AOL PICK from our Editors
There are literally dozens of attractions and activities competing for visitor attention in Vancouver, several of them are not only the best Vancouver things to do, they're also among the top such sights on Earth and have earned three stars by Michelin. Though there aren’t as many museums as, say, New York, Vancouver’s best are world leaders: The Museum of Anthropology, for instance, is the foremost facility devoted to Pacific Northwest First Nations art and culture. The sights below are the most outstanding, but there are many more, ranging from the controversial neo-Roman architecture of the Vancouver Public Library, to the hiking trails of Pacific Spirit Regional Park, to Cypress Provincial Park and Mount Seymour, the two alpine ski areas that bracket Grouse Mountain, to the best old-growth forest in the Lower Mainland at Lighthouse Park. Bounded as it is by mountain and water, it's not surprising that Vancouver is also jam-packed with outdoor activities and many miles of recreation paths. Indian Arm, for instance, just northeast of the city, is Canada’s southernmost fjord, an excellent spot for an afternoon in a kayak. English Bay Beach and Kitsilano Beach are delightful urban swim venues. Tourism Vancouver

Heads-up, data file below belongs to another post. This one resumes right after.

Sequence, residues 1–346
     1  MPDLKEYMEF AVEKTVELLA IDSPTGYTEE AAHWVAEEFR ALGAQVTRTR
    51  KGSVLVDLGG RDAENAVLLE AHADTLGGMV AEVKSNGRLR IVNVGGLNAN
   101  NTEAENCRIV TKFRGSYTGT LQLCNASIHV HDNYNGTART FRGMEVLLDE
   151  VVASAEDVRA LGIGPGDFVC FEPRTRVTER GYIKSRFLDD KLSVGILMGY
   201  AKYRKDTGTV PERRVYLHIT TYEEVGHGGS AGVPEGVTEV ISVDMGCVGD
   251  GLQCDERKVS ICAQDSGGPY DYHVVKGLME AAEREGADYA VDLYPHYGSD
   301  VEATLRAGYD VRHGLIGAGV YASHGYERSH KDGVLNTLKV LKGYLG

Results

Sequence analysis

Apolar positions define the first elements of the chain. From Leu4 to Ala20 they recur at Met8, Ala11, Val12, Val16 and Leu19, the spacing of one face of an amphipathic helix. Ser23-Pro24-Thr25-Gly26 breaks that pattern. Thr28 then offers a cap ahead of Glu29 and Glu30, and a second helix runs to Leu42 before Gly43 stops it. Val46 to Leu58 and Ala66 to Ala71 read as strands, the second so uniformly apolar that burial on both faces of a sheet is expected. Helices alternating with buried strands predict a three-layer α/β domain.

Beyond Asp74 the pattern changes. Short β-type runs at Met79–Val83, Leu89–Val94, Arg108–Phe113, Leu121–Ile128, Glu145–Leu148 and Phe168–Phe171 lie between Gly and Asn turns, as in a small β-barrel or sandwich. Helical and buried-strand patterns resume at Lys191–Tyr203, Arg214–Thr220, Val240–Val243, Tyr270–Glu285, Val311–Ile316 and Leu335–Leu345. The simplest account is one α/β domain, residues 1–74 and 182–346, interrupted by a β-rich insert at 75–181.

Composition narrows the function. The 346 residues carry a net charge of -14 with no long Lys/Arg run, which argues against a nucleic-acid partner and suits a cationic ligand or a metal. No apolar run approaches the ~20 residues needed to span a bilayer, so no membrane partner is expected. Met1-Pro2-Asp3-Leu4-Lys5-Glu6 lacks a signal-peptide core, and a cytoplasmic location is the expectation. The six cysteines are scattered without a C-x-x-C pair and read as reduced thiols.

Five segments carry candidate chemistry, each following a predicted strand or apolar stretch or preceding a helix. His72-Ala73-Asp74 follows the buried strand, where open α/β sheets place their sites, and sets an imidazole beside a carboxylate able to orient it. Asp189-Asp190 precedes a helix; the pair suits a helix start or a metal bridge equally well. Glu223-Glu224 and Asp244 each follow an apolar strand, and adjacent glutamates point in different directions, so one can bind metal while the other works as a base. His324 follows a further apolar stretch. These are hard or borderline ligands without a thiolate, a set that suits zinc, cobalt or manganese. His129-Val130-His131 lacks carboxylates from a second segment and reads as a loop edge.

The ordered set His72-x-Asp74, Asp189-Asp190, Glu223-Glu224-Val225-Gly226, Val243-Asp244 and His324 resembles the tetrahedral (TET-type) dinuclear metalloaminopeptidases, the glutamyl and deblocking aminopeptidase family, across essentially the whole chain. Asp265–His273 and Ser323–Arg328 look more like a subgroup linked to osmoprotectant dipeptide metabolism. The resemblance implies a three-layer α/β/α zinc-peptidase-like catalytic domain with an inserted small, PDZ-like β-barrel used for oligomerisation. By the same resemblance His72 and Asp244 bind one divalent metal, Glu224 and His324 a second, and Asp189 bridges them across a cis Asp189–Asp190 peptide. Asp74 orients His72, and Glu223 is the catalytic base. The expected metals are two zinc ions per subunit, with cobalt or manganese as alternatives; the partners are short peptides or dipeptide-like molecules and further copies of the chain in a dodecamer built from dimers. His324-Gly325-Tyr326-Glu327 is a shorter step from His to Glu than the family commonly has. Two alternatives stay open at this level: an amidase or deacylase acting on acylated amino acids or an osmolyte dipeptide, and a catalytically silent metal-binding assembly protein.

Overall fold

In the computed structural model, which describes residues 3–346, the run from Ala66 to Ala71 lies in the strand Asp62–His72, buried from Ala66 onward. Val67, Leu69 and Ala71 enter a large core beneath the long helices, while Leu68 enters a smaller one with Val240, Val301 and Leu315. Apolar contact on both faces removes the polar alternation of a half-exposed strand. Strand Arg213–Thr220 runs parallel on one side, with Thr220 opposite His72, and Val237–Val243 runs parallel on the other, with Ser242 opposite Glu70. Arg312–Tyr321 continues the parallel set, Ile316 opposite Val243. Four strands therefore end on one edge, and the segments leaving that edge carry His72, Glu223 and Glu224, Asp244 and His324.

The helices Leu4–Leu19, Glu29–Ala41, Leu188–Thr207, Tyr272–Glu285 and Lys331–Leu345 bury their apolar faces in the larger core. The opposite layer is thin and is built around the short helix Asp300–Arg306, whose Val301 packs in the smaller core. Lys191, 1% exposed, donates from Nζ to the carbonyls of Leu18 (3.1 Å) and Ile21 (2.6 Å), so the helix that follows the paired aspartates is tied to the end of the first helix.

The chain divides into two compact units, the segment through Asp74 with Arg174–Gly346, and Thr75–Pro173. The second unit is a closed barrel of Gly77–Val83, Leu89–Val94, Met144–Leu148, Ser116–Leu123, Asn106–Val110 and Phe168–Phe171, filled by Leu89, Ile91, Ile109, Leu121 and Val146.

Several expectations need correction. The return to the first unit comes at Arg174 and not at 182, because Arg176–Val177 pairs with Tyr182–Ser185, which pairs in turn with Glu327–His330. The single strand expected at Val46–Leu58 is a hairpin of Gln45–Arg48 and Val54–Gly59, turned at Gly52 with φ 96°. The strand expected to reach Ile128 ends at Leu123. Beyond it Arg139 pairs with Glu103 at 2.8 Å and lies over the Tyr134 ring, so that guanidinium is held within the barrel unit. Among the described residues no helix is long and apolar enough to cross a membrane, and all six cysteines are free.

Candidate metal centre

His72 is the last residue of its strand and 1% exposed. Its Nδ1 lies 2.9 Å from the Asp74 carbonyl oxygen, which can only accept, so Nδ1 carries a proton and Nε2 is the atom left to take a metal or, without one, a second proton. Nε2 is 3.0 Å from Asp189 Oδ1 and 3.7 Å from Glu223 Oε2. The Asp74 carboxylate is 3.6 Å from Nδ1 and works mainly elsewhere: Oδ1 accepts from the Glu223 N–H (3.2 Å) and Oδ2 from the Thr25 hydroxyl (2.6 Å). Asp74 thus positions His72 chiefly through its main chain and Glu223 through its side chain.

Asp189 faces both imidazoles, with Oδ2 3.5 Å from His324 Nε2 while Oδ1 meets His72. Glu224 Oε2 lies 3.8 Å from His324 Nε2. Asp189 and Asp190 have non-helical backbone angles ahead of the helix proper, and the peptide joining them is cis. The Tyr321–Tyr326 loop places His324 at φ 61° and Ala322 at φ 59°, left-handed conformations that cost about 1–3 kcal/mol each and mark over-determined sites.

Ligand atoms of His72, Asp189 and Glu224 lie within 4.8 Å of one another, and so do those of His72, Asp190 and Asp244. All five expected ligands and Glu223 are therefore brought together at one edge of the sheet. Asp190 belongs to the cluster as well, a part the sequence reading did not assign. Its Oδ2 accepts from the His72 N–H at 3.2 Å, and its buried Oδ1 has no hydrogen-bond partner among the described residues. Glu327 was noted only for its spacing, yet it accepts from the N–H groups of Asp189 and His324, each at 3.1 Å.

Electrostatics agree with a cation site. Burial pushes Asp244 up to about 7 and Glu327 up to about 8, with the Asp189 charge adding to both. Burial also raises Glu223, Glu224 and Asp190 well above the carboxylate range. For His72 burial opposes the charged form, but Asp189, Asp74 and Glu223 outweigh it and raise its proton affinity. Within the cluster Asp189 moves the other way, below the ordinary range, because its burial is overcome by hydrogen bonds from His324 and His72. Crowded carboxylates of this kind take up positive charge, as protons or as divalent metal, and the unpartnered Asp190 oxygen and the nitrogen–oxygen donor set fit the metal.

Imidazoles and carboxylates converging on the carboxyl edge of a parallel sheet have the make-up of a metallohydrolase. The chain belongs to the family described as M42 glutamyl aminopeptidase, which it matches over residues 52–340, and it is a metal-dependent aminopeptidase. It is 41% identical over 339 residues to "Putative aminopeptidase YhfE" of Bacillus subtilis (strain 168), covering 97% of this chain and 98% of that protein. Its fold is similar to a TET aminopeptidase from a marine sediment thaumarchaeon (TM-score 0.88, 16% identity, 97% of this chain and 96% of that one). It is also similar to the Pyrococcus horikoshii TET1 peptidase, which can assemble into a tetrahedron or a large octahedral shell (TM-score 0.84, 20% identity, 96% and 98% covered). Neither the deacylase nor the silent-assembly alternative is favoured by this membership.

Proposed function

operates an excellent visitor center opposite Canada Place at 200 Burrard Street; or contact 604-683-2000.
Kids and adults both find themselves mesmerized in a science “playground” that’s the last legacy attraction of Expo ’86. This immense geodesic dome structure, poised at the upper end of False Creek, holds dozens of hands-on, interactive exhibits, Science World pioneered this now-universal trend decades ago, that depict the principles of biology, weather, physics, engineering and astronomy. Visitors can “make” volcanoes, construct sundials, build stunt airplanes from paper, play games with robots, and do hundreds of other things that illustrate the principles of science.